You have an adult child receiving benefits from the Ontario Disability Support Program (ODSP), so you have a will that includes a Henson Trust to protect her ODSP after you have passed away. You have chosen one or more trustees to manage the assets in that Henson Trust because you believe they truly care about your child. But is that all they have to do – care? If it were only that simple.
In many respects, being a trustee is like having a job. Trustees have specific responsibilities that require particular skills and expertise. They have obligations to meet and guidelines they should not cross.
Here are three primary responsibilities not always considered:
Manage the assets in the Henson Trust
A Henson Trust can hold different types of assets. It can hold bank accounts, different types of investments (but not all types), and real estate, to name a few.
Trustees are legally obliged to manage these assets, “prudently”. Prudently does not necessarily mean conservatively. Investment selection must be in keeping with the needs of the beneficiary, which includes their income needs, and their long-term savings requirements. Other factors, such as market conditions, inflation and interest rates should also be taken into consideration when selecting investments.
Since these investment selection considerations are dynamic and subject to change, trustees are accountable for effective on-going investment management. The needs of the beneficiary will change over time, and so will market conditions, inflation and interest rates. Inevitably, investment portfolios need to be reviewed and revised.
Trustees should have a documented rationale for their investment strategy, which will be very helpful if they are ever questioned on their investment decisions.
If a Henson Trust contains real estate, trustees are responsible for managing the property. They have to make sure bills are paid, including heat, hydro, water, and property tax. When repairs are required, that is their responsibility too and it would be wise to secure and maintain written quotes for the bigger jobs.
Trustees who neglect these responsibilities or make poor decisions that unnecessarily impact the value of the Henson Trust can be held legally liable.
Report to ODSP
Trustees must report the transactions of Henson Trusts to ODSP. ODSP wants to know what amounts have been withdrawn from the Henson Trust and what were they used for. While assets in the trust do not affect the beneficiary’s eligibility for ODSP, withdrawals from the trust can easily jeopardize eligibility. There are limits on how much can be spent on non-disability related expenses, which is why ODSP wants to know about the uses of the funds.
Not only must they report to ODSP, but also have a basic understanding of ODSP restrictions and exemptions. Without this understanding, the financial and legal decisions they make could easily affect the beneficiary’s ODSP eligibility.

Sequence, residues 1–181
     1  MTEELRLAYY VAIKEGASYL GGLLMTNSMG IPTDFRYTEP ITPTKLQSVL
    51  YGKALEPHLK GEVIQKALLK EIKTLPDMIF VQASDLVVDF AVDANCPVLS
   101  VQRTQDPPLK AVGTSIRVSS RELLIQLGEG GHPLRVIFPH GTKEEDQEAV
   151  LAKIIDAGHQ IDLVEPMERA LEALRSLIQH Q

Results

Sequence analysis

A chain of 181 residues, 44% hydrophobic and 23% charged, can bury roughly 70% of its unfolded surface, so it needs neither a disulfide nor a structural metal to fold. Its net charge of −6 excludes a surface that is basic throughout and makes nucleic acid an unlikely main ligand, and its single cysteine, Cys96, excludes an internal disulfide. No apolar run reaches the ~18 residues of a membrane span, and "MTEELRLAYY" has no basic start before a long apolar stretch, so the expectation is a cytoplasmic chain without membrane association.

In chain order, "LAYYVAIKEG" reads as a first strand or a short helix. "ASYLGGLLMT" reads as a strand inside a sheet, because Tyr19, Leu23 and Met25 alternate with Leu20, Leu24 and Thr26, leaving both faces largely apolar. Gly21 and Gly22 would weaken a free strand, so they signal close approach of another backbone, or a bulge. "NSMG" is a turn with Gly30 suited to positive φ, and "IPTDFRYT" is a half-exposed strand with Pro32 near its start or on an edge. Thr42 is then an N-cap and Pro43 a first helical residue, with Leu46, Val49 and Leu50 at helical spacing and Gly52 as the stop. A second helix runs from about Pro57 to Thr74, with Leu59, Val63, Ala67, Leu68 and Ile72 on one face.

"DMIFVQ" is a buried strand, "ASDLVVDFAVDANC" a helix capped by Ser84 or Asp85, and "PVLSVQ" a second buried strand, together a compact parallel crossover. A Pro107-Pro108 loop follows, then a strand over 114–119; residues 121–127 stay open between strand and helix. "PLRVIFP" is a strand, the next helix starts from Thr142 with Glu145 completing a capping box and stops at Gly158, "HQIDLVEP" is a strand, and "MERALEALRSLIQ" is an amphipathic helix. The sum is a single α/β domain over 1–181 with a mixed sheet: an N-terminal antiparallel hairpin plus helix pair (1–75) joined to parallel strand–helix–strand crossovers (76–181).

A tax return must be prepared and filed for Henson Trusts. Trustees must collect the necessary documentation each year and they are responsible for filing the appropriate tax forms with the government. They can hire an accountant to do the work, but the trustees are the ones ultimately accountable.
Related Article: The Henson Trust Has Its Limits
Too many trustees are left to figure it out all by themselves once they become trustees, because they were never really told about what was entailed or provided with a professional network to support them. Some have said it took them over a year to get up to speed and that the learning curve was very stressful. Mistakes are made along the way, creating more problems, some of them with nasty consequences that can have lasting effects for beneficiaries.
Before you shed your mortal coil, find professionals who can help your chosen trustees succeed when the time comes. There are lawyers, accountants and financial advisors, such as myself, who understand how to manage Henson Trusts and ODSP regulations. Introduce your trustees to these professionals, meet with them and start the conversation about responsibilities. Your trustees will need to improve their knowledge of investing, ODSP and possibly property management, but they do not have to become experts if they have the professional support.
I have held three-way meetings with clients and the people they have chosen as trustees of their child’s Henson Trust. They have proven to be very valuable meetings. Clients are more confident their legacy will be managed properly as their trustees gain an understanding of what their responsibilities will be and that they now know who I am and how I will be able to support them in the future.
Trustees, while sometimes a bit overwhelmed by the scope of their responsibilities, appreciate these meetings as well. They are relieved they get a head start. They can prepare themselves in many respects before they assume their responsibilities. These meetings spark questions the trustees can raise with the parents and reach out to professionals as well. Ultimately, these on-going dialogues improve planning. In the end, these trustees are capable of executing their duties when the time comes and, ultimately, the beneficiary – your son or daughter – will lead a better life.
Naming your trustee without educating them is like hiring somebody for a job and the only thing you do tell them is the job title. If you want them to be successful, competent trustees, you need to delve into the details. Educate them and provide them with the resources and supports they will need. Even highly competent people will deliver shoddy work if they are ill prepared or lack adequate guidance and counsel. Being a trustee is not an insurmountable task. It does take a trustee’s time and effort, but a trustee doesn’t have to feel they are in over their head. Talk about the key responsibilities and introduce them to professionals that can provide them with service, support and counsel.